Matt grinned. “Okay, thanks.”

  Oscar said, “How hard shall we punish you, Tex? Tea and toast?”

  “Anything you want. Let’s really celebrate. Which reminds me—I think we ought to have a drink.”

  “Huh?” said Oscar. “And have an M.P. catch us? No, thank you.”

  Matt started to protest but Tex stood up. “Just leave this to Father Jarman. It’s high time you two poor, underprivileged outlanders tasted a real old Southern mint julep.” He started for the bar. Oscar shrugged.

  Tex scouted out the bar before entering. There were no cadets, of course; more important there were no officers and no marine M.P.’s. The hour was early and the bar almost deserted. He went up to the bartender. “Can you make a mint julep?” he asked.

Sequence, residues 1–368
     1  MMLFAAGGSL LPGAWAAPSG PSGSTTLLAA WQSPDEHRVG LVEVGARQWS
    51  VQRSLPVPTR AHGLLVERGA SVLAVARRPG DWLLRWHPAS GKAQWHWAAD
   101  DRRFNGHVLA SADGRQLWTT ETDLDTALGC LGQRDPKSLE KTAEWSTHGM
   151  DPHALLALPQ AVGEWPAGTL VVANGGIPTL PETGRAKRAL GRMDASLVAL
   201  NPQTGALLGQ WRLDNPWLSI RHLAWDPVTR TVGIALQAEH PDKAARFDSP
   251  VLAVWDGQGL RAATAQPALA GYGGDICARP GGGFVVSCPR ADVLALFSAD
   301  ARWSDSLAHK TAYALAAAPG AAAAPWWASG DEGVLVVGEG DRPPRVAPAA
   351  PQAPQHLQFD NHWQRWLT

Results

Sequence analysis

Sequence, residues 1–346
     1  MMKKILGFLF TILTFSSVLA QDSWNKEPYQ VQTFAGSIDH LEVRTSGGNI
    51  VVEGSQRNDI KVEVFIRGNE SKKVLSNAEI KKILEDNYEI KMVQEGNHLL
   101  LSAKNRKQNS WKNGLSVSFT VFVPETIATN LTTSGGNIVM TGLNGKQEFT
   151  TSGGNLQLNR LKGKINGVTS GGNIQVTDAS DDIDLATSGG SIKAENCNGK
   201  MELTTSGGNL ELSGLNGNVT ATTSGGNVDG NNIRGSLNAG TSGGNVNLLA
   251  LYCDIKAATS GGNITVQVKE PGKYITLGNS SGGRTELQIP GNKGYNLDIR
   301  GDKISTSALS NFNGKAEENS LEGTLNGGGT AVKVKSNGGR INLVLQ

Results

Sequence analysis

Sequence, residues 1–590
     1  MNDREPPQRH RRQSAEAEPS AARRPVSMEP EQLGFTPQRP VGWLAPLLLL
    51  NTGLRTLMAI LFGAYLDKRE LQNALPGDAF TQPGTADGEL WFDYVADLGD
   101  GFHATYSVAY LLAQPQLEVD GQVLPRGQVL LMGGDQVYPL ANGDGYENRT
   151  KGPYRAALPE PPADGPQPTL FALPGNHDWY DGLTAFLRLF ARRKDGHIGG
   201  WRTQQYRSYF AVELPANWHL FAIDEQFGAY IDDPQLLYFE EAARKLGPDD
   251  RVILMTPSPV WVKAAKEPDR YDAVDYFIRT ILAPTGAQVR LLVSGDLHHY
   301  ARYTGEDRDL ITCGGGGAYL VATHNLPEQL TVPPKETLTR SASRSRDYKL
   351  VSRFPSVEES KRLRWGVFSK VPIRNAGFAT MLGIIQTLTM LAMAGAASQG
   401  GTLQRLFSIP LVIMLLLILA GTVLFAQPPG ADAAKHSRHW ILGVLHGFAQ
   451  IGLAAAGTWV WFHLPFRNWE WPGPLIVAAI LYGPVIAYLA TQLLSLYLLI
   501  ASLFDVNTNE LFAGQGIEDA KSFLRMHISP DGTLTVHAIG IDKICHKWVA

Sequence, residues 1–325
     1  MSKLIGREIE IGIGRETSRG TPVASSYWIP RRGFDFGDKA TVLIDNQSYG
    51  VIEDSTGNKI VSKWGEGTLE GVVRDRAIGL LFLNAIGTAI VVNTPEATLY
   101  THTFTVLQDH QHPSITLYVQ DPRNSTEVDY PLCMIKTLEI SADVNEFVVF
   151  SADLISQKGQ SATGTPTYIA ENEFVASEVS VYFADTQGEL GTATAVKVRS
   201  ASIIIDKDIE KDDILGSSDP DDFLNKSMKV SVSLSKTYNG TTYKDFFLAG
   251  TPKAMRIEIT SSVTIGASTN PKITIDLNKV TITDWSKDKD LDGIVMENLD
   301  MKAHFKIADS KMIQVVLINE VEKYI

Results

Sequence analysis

The bartender looked up and answered, “Beat it. I’m not supposed to serve you liquor. This is off limits to cadets.”

  “I didn’t ask you if this was off limits—I asked you if you could make a mint julep.” Tex slid a bill across the counter. “Three mint juleps, in fact.”

  The barman eyed the bill. Finally he caused it to disappear. “Go on back into the dining room.”

  “Right!” said Tex.

  A few minutes later a waiter placed a complete tea service in front of them, but the teapot did not contain tea. Tex poured out the drink, splitting it carefully three ways, in tea cups. “Here’s to you, chums—drink up.”

  Matt took a sip. “It tastes like medicine,” he announced.

  “Like medicine?” Tex protested. “This noble potion? I’ll meet you at dawn, suh—coffee and pistols for two.”

  “I still say it tastes like medicine. What do you think of it, Oscar?”